As to your second question: this is too vaguely stated, but a relevant result to learn about is Steinitz's theorem (https://en.wikipedia.org/wiki/Steinitz%27s_theorem).

As to your third question, there is a very relevant new (i.e.: end of 2017) development:

Johannes Carmesin: Embedding simply connected 2-complexes in 3-space -- I. Kuratowski-type characterisation. Preprint 2017. (https://arxiv.org/abs/1709.04642)

whose abstract is ''We characterise the embeddability of simply connected locally 3-connected 2-dimensional simplicial complexes in 3-space in a way analogous to Kuratowski's characterisation of graph planarity, by excluded minors. This answers questions of Lovász and Wagner.''

Johannes Carmesin: Embedding simply connected 2-complexes in 3-space -- II. Rotation systems. Preprint 2017. (https://arxiv.org/abs/1709.04643)

whose abstract is "We prove that 2-dimensional simplicial complexes whose first homology group is trivial have topological embeddings in 3-space if and only if there are embeddings of their link graphs in the plane that are compatible at the edges and they are simply connected."

The proof in the above preprint uses the truth of the Poincaré conjecture, and I have heard it suggested that the approach therein suggests an approach of how to perhaps once find a combinatorial proof of the Poincaré conjecture.

Johannes Carmesin: Embedding simply connected 2-complexes in 3-space -- III. Constraint minors. Preprint 2017. (https://arxiv.org/abs/1709.04645)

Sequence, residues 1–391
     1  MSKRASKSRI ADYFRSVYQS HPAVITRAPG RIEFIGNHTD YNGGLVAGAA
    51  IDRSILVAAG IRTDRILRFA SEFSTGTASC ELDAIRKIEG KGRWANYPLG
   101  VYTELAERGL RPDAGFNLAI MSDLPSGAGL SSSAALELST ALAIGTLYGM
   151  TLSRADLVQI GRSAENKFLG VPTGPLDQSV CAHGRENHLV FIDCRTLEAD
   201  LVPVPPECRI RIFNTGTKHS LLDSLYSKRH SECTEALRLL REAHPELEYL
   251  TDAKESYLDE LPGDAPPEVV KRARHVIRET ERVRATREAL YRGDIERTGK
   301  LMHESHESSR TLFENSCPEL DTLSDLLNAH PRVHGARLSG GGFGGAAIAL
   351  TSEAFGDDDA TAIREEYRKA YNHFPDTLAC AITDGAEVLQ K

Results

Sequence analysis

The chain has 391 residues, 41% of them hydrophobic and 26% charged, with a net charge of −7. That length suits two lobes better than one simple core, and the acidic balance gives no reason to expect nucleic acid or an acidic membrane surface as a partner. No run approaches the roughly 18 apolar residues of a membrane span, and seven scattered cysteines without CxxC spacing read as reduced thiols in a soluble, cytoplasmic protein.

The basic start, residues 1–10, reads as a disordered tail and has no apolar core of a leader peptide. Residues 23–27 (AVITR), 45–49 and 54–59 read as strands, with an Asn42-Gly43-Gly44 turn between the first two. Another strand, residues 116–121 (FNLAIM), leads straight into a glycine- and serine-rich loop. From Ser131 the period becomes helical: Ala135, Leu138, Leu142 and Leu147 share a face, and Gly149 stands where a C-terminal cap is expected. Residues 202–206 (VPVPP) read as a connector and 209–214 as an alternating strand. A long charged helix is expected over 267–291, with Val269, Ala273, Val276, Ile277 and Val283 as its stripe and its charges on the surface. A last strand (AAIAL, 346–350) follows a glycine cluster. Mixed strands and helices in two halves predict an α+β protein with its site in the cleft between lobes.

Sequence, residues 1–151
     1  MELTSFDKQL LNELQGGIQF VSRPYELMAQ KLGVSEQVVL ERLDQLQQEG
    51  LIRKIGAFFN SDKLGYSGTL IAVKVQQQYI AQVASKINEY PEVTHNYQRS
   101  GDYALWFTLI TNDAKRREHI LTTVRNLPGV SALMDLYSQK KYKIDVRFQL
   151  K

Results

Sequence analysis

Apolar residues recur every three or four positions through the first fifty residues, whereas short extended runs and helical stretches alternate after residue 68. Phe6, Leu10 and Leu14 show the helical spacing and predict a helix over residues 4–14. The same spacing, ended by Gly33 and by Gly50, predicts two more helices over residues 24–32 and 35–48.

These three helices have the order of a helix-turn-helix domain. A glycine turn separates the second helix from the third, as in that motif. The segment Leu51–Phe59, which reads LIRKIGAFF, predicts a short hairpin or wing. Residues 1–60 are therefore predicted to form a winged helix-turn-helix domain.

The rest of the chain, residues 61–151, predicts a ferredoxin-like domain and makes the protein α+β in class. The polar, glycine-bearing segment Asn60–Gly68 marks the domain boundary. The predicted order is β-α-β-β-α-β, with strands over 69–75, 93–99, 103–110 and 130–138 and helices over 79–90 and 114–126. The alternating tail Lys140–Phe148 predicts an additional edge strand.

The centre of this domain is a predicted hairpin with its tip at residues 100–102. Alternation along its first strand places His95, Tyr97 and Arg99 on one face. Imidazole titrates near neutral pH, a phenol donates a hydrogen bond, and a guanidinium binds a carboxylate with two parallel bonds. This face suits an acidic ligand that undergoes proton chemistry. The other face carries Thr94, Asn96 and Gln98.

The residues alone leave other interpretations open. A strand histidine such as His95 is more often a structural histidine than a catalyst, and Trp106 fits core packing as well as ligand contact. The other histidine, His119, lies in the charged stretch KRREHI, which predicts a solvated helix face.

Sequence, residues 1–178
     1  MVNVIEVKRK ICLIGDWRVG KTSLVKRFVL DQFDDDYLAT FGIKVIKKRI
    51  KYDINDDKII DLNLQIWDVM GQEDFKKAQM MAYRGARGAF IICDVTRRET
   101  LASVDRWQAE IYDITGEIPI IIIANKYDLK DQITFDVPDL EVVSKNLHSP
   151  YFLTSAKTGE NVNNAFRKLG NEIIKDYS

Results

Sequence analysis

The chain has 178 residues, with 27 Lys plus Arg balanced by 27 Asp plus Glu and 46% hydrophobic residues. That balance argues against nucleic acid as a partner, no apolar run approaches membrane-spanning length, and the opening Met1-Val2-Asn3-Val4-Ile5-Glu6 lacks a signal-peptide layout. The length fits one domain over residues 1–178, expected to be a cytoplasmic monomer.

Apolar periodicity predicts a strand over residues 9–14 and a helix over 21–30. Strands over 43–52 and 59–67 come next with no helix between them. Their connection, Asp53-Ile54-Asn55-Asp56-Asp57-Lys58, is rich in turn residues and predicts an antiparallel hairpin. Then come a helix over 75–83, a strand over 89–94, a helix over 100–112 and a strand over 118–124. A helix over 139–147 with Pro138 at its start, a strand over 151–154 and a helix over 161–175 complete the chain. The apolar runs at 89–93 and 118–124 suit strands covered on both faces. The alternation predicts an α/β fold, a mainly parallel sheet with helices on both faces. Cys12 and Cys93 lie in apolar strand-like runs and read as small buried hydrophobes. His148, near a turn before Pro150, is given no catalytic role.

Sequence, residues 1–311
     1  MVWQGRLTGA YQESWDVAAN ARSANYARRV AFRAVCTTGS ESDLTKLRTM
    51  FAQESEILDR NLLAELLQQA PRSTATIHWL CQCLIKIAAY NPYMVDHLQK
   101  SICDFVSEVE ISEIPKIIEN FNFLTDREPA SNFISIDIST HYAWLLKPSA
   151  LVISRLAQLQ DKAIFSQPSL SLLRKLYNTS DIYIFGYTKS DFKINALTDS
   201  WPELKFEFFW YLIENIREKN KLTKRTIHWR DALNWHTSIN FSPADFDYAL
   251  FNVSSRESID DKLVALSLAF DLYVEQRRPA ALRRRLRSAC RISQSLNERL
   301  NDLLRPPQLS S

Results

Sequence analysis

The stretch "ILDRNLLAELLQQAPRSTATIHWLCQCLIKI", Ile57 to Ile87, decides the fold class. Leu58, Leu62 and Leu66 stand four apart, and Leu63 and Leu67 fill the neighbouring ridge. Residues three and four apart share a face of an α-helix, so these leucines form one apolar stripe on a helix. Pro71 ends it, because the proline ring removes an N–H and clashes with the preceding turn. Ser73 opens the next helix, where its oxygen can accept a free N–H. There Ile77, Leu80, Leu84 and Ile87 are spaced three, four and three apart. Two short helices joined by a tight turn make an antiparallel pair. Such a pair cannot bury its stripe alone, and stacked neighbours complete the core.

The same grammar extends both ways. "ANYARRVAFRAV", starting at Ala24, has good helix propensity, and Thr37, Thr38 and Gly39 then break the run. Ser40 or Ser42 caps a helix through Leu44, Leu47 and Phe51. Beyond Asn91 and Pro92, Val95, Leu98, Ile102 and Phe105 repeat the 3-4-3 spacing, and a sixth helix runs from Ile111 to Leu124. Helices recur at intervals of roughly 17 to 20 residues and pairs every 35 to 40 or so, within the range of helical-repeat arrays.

whose abstract is "We characterise the following property by six obstructions: given a graphic matroid $M$ and a set $X$ of its elements, when is $M$ the cycle matroid of a graph $G$ such that $X$ is a connected edge set in $G$?"

Johannes Carmesin: Embedding simply connected 2-complexes in 3-space -- IV. Dual matroids. Preprint 2017 (https://arxiv.org/abs/1709.04652)

whose abstract is "We introduce dual matroids of 2-dimensional simplicial complexes. Under certain necessary conditions, duals matroids are used to characterise embeddability in 3-space in a way analogous to Whitney's planarity criterion. We further use dual matroids to extend a 3-dimensional analogue of Kuratowski's theorem to the class of 2-dimensional simplicial complexes obtained from simply connected ones by identifying vertices or edges."

Johannes Carmesin: Embedding simply connected 2-complexes in 3-space -- V. A refined Kuratowski-type characterisation. Preprint 2017 (https://arxiv.org/abs/1709.04659) whose abstract is "This paper is the last paper in a series of five papers. Building on earlier papers in this series, we prove an analogue of Kuratowski's characterisation of graph planarity for three dimensions. More precisely, a simply connected 2-dimensional simplicial complex embeds in 3-space if and only if it has no obstruction from an explicit list of obstructions. This list of obstructions is finite except for one infinite family."

A presentation about the above results was given at SiGMa 2017, Waterloo, Quantum-Nano Centre, July 21, 2017.

As to your fourth question: this question is so vague and open ended that more or less every result in the old field of combinatorial homology, or in the new field of 'high dimensional combinatorics' will serve to "illustrate in detail" the "combinatorial properties of cell-complexes". For the latter,

Nathan Linial ``A glimpse of high-dimensional combinatorics''. Presentation. ITW Jerusalem 2015 (http://www.cs.huji.ac.il/~nati/PAPERS/itw.pdf)

could be an entry point to the literature, and

Nathan Linial, Yuval Peled On the phase transition in random simplicial complexes. Annals of Mathematics 184 (2016), 745–773 (http://dx.doi.org/10.4007/annals.2016.184.3.3)

is an example of a combinatorial result; for the former, the monograph

Cynthia Hog-Angeloni, Wolfgang Metzler, Allan J. Sieradski, Two-Dimensional Homotopy and Combinatorial Group Theory Volume 197 of London Mathematical Society Lecture Note Series, ISSN 0076-0552 Cambridge University Press, 1993 ISBN 9780521447003 412 pages

can be an entry point to the literature.